Before Our Forefathers

There are trees here that stood before our forefathers came to this continent; there are brooks that will run as clear as on the day the first pioneer cupped his hand and drank from them. In this park, we shall conserve the pine, the redwood, the dogwood, the azalea, the rhododendron, the trout and the brush for the happiness of the American people.

The old frontier that put the hard fibre in the American spirit, and the long muscles on the Americana back, lives and will live in these untamed mountains to give future generations a sense of the land from which their forefathers hewed their homes.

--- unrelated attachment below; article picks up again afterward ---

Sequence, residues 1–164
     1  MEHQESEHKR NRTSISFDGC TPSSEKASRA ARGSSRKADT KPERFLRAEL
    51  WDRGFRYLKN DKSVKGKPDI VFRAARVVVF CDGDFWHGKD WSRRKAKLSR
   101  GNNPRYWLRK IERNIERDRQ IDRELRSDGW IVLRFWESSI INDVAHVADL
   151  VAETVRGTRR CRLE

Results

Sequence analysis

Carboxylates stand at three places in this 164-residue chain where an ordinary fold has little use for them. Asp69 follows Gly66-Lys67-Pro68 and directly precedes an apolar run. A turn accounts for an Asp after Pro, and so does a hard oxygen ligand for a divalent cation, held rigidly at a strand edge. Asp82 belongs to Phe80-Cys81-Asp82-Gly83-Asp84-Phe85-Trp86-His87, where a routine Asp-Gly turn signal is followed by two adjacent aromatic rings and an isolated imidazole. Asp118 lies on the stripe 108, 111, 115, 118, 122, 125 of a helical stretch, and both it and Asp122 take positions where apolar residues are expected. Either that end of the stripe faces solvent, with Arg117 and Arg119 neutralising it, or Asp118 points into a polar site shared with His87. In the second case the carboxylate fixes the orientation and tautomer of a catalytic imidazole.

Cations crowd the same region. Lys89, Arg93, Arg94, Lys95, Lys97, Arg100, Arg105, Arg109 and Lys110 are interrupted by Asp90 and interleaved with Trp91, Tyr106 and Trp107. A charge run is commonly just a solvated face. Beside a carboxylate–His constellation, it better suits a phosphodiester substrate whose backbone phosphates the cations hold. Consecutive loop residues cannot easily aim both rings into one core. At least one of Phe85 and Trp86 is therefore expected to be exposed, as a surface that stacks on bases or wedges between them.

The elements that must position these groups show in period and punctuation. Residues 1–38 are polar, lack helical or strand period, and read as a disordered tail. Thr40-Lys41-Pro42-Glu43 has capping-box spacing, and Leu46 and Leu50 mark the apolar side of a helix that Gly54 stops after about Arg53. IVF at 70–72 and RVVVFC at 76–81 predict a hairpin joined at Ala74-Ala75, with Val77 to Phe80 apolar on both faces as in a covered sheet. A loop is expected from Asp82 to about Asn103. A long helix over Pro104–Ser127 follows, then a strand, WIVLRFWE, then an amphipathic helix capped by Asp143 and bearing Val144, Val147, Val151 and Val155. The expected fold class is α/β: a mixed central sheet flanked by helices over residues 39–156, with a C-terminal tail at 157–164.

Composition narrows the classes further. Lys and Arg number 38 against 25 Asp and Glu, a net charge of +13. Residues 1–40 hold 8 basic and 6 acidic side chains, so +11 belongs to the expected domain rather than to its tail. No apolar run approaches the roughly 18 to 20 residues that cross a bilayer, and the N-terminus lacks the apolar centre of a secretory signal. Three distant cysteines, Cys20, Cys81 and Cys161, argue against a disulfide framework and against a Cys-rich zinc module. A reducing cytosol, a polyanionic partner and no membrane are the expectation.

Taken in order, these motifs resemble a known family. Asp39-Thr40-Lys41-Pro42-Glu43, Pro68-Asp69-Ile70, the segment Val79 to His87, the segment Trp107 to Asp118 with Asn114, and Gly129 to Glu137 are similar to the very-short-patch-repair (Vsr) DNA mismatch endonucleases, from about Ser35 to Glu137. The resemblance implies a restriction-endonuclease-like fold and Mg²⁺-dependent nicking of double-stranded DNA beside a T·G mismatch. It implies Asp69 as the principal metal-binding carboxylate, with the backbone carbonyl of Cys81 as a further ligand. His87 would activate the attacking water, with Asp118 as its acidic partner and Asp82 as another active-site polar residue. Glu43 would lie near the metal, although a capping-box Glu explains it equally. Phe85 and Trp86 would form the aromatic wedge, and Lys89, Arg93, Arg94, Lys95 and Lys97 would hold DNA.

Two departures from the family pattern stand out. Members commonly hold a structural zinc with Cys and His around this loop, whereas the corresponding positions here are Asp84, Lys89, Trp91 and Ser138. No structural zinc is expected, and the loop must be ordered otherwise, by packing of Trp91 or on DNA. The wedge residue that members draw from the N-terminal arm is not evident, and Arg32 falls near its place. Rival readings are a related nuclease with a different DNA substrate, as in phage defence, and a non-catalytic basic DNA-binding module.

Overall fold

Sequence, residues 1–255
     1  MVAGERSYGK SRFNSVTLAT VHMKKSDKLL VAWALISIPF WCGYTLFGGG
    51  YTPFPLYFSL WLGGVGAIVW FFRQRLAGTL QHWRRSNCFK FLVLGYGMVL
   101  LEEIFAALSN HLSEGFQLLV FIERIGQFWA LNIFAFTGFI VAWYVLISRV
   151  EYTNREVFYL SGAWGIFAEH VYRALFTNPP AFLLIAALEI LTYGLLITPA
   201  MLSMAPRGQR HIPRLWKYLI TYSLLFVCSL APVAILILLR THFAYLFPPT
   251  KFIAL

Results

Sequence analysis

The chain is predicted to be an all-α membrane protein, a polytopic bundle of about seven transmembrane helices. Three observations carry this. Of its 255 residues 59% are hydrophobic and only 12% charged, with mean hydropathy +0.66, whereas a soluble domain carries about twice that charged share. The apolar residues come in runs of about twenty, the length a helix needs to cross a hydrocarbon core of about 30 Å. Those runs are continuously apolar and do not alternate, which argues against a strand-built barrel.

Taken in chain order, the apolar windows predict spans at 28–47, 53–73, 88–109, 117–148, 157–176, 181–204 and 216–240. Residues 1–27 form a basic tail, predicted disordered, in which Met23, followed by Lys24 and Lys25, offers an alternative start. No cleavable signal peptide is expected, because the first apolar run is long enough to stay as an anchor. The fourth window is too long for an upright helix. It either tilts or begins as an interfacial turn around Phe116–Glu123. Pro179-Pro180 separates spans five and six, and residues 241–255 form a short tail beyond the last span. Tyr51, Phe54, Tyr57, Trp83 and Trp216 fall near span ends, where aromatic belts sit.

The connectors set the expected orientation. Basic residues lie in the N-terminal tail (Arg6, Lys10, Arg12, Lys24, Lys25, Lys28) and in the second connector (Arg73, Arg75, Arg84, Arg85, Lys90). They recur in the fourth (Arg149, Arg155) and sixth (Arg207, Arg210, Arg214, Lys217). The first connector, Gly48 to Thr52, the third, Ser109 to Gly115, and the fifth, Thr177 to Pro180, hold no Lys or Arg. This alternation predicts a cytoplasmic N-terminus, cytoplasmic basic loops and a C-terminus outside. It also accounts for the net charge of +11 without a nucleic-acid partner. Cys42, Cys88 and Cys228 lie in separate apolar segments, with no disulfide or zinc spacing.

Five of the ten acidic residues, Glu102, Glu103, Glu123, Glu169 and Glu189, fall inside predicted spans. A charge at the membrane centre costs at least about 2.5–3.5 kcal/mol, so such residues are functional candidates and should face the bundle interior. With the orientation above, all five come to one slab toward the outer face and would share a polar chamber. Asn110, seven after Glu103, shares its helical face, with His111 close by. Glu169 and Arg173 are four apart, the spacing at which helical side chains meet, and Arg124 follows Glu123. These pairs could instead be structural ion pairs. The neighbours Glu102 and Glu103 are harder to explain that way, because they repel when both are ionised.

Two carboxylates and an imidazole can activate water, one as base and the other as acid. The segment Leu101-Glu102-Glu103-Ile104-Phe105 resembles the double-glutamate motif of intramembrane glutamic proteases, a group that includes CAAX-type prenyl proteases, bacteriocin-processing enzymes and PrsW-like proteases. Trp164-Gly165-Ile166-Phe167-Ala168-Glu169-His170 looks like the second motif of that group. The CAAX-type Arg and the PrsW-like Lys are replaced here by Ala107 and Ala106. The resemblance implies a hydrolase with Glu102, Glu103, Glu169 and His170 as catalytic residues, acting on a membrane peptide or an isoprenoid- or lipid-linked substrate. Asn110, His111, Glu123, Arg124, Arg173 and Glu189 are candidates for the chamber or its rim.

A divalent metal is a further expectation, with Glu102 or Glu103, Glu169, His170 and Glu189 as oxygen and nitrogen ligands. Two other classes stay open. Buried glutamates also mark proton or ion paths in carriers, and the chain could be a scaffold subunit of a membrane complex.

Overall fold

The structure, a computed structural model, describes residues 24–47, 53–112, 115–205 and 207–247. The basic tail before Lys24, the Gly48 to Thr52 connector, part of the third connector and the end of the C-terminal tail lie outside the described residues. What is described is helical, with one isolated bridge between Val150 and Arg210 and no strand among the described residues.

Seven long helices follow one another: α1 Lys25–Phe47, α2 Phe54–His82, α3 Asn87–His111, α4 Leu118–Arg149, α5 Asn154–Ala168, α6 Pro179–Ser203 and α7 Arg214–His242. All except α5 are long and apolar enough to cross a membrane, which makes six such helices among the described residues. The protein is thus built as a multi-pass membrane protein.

Dangers Were Many

That hewing was hard. The dangers were many. The rifle could never be far from the axe. The pioneers stood on their own feet, got their own game and fought off their own enemies. In time of incident or misfortune, they helped each other. In time of Indian attack, they stood by each other. Today we no longer face Indians and hard and lonely struggles with future — but also — we have grown fit in many ways.

If we are to survive, we cannot be soft in a world in which there are dangers that threaten Americans — dangers far more deadly than were those the frontiersmen had to face.

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